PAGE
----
Tuesday, February 28 Marci Gras!! Amara is on her way south but Serendipitous is still here, so let the party continue. On our way into town to meet up with Peter and Patti our outboard quit (again). A very nice stranger (I wish we’d gotten his name & his boat’s name) towed us into the dingy dock and Mark “fiddled” with it for a while and got it to where he thought it would work. So meet up we did and after breakfast we checked the sail lofts for some materials and repair, only to discover they were closed for Carnival. So we decided to dingy across the bay to another shop and the grocery store, but we didn’t really trust our motor, so P&P followed us in case we got stuck. We discovered that it worked with the cover off, but not with the cover on.
After our shopping excursion we made it back to Roxy, again with Peter & Patti following us, and Mark ripped apart the outboard. He discovered the problem was with the secondary fuel pump (I’m so proud that I remember that – even if I don’t really understand what it does) and was in the middle of “rebuilding” it with totally foreign materials when he remembered that Dave Shumski had brought us a repair kit. Mark located it and “TA-DA” it has the broken part!
Now we should be safe to go into town for the celebrations, however, we are sticks-in-the-mud. Our anchorage is so well protected because, while we are in 20 feet of water, there are shoals and reefs all around us, so we don’t risk being in town after dark. So we listened to the pulsating music from Roxy and danced on our own.
Saturday, March 4 Well, we had planned to be gone from Martinique by now, heading back north to meet Karen and Mark in the BVI’s at the end of the month, but the wind has been so strong for so long that the waves and swell are so high that the trip would be miserable. How long can the wind blow in one miserable direction at 20 – 30 knots? And all Chris the wind guy will say is “indefinitely”. It’s not that Martinique isn’t wonderful, we are having a great time, but honestly, I’m worried about getting back north. I know we can do it in 2 days, 3 if we stop and rest, so I keep telling myself it will be okay, but STOP ALREADY!
Oh well, as long as we are stuck here, we might as well enjoy, right? So today I’m getting my hair done. This is a true act of faith. The woman doing my hair speaks even less English than I do French. I went through our book French for Cruisers. It has all sorts of help for you if your sails need repair, if your transmission blows, or you want to go out for dinner, but for important things like coiffure? Not a word. And then I realize that mine is the only white face in the whole salon, which is (I think) unusual in Martinique which is a pretty integrated society.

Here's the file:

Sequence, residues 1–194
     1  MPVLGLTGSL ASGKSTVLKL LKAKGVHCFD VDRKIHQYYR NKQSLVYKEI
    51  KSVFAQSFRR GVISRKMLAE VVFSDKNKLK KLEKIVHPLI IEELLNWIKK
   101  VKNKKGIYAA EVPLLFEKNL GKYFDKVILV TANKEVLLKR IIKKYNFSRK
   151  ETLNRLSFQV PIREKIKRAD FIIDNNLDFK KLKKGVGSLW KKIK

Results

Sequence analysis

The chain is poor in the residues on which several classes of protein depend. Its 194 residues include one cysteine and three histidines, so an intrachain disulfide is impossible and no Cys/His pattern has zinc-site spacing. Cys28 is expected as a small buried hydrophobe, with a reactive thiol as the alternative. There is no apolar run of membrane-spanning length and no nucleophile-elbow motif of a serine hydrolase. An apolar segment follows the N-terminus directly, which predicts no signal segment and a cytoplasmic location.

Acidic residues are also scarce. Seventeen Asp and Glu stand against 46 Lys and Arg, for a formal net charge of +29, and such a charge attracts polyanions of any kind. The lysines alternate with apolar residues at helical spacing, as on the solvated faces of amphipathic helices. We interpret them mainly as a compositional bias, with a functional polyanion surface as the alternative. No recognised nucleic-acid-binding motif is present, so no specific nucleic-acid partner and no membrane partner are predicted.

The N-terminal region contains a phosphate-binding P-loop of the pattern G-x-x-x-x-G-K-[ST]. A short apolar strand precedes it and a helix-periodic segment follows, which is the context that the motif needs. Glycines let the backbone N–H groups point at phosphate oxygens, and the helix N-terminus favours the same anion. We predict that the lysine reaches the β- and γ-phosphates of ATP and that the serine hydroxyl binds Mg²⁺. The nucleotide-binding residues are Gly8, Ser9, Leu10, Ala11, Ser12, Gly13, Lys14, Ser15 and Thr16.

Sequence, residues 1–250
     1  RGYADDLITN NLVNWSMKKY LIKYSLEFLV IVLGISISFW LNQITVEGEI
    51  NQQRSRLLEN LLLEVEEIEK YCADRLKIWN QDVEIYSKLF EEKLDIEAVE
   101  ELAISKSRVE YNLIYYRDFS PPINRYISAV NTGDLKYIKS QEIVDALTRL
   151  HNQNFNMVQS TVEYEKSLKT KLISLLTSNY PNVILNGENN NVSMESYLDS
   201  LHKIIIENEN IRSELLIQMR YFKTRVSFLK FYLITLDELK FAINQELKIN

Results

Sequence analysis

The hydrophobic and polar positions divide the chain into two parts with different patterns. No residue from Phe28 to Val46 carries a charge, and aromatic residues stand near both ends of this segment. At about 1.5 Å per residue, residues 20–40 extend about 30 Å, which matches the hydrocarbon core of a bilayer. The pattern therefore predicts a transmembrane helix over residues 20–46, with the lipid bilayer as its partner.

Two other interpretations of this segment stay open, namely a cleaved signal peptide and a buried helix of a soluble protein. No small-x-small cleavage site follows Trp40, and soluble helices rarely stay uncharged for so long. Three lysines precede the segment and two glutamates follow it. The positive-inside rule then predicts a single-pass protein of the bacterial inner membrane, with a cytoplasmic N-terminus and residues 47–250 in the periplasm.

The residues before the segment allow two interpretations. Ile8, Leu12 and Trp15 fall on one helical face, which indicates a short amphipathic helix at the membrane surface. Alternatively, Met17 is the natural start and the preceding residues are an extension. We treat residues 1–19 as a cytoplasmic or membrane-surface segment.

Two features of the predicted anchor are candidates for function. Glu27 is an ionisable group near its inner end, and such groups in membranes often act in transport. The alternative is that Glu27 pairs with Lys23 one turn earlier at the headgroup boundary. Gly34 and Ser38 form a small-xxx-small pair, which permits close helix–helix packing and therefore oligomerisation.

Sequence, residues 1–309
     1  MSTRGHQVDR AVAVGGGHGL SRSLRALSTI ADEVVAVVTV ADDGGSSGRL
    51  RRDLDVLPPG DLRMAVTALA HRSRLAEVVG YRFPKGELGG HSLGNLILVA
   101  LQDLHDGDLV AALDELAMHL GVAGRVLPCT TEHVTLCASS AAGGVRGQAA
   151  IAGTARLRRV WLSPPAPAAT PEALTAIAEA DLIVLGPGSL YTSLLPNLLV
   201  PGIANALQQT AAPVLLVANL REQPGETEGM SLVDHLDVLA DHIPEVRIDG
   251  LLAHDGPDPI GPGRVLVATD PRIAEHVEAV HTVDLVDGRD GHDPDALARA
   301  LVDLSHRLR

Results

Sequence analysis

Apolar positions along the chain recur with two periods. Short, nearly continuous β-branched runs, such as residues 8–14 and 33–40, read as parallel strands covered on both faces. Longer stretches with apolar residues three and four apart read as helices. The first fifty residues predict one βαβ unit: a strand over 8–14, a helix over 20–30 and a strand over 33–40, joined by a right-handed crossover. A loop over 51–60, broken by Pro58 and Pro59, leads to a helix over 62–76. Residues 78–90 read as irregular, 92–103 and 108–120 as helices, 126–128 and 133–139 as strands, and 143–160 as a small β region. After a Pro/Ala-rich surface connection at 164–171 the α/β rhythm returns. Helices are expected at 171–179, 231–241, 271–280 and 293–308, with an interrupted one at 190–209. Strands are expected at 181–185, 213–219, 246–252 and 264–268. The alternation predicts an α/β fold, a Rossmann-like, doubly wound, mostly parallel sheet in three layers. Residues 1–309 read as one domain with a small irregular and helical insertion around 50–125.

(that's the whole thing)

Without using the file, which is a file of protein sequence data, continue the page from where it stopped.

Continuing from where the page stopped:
Getting my hair done anywhere on this trip takes trust on all sides. I have no history with any of the salon people and no idea of what they do. I can only trust them (and remind myself that hair grows back). They don’t know me or how I want my hair done, they can only do what they know how to do and hope that I’ll be happy.
We also have ordered fabric to make a replacement for our bimini sunshade. It was supposed to be here yesterday, but didn’t make it on the boat, so now it is due on Monday. Now we are wondering if we can have the guy make the shade for us, instead of me doing it. I bet he’d do a better job.
Saturday, March 11
Today we had a “bread tasting”. The bread here is amazing (after all, Martinique is French territory). How is it that an amazing baguette here costs 1€ but something not as good costs $3.00 in the U.S.? However, if you go into a boulongerie (bread bakery) there are four or five kinds of baguettes and another three or four kinds of “bread”. I have been trying to figure out the difference between the different varieties but, with the exception of the butter bread, have been unable to distinguish them. Today we bought four kinds of baguettes. “Normal”, “le Vain”, “Complet”, and “Campagne” We enlisted the assistance of Patti and Peter, as well as Bill and Lori from Toodle-oo, and had an extensive comparison test. Of course there were condiments; French butter, pate, and cheeses, as well as wine, but our unbiased taste test revealed that the Campagne and Complet were darker (as in whole grain) and the Normal and le Vain were whiter, but other than that, they were all wonderful. Our advice to you is; if you are in a true boulongerie and are faced with the decision as to which kind of bread to buy, follow your whimsy, you can’t go wrong.
Tomorrow we are off for less-southerly-islands. The fabric for the bimini came in and the new bimini is beautiful. The wind is down from 30 knots to 12, and by tomorrow the seas should have settled a bit also. We won’t have time to explore a lot of islands on our way north, but we might get a couple of days on Anguilla.